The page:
Visit Our LGBT Ancestors in Rome

Rome from the Capitoline Museum

One of the treasures of Rome, often overshadowed by the more famous sites in Rome, such as The Coliseum and The Vatican, is The Capitoline Museum, which houses some of the most exquisite ancient Roman marble sculptures, several of which may be of interest to the LGBT community.At the Capitoline Museum, is the Head of Harmodius. Aristogeiton & Harmodius  became famous as Lovers and Slayers of Tyrants.

Double Portrait of Epicurus and Metrodorus (c. 250 AD) Capitoline Museum, Rome

Psyche alata, 2nd century AD, Capitoline Museums, Rome

 While we can only speculate, it is known that Metrodorus was the most prominent disciple of Epicurus, with whom he shared an intimate friendship, and was rarely separated from him. After their deaths, a national holiday was created in their honor.A mythical creature that can be seen in many ancient cultures around the world is that of the fairy. Ancient Roman art has many depictions of fairy-like creatures, perhaps the most well known being that of Psyche, a human woman with butterfly wings.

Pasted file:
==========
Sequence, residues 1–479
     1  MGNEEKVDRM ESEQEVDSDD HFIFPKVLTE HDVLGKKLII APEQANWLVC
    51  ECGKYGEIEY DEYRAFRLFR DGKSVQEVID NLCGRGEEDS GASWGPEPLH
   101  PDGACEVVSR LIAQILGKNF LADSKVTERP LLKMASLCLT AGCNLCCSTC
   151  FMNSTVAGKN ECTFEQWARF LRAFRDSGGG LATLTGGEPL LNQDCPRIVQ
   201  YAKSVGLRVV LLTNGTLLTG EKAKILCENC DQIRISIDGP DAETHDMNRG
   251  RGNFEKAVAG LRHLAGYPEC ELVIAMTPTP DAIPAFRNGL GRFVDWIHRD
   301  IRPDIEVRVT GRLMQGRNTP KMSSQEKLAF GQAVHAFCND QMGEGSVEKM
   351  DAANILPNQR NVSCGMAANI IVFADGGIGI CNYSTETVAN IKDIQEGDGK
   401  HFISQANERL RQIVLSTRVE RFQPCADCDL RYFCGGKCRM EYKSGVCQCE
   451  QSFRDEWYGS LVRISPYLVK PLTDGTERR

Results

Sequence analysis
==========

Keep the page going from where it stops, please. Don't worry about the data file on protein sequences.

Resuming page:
Bust of Antinous (117-138 CE) Capitoline Museum, Rome

Antinous was a Greek youth and a favorite, or lover, of the Roman emperor Hadrian. He was deified after his death, being worshiped in both the Greek East and Latin West, sometimes as a god (theos) and sometimes merely as a deified mortal (heros).

Following his death, Hadrian deified Antinous and founded an organised cult devoted to his worship that spread throughout the Empire. Hadrian founded the city of Antinopolis close to Antinous’s place of death, which became a cultic centre for the worship of Osiris-Antinous. Hadrian also founded games in commemoration of Antinous to take place in both Antinopolis and Athens, with Antinous becoming a symbol of Hadrian’s dreams.

Antinous became associated with homosexuality in Western culture, appearing in the work of Oscar Wilde and the Portuguese poet Fernando Pessoa.

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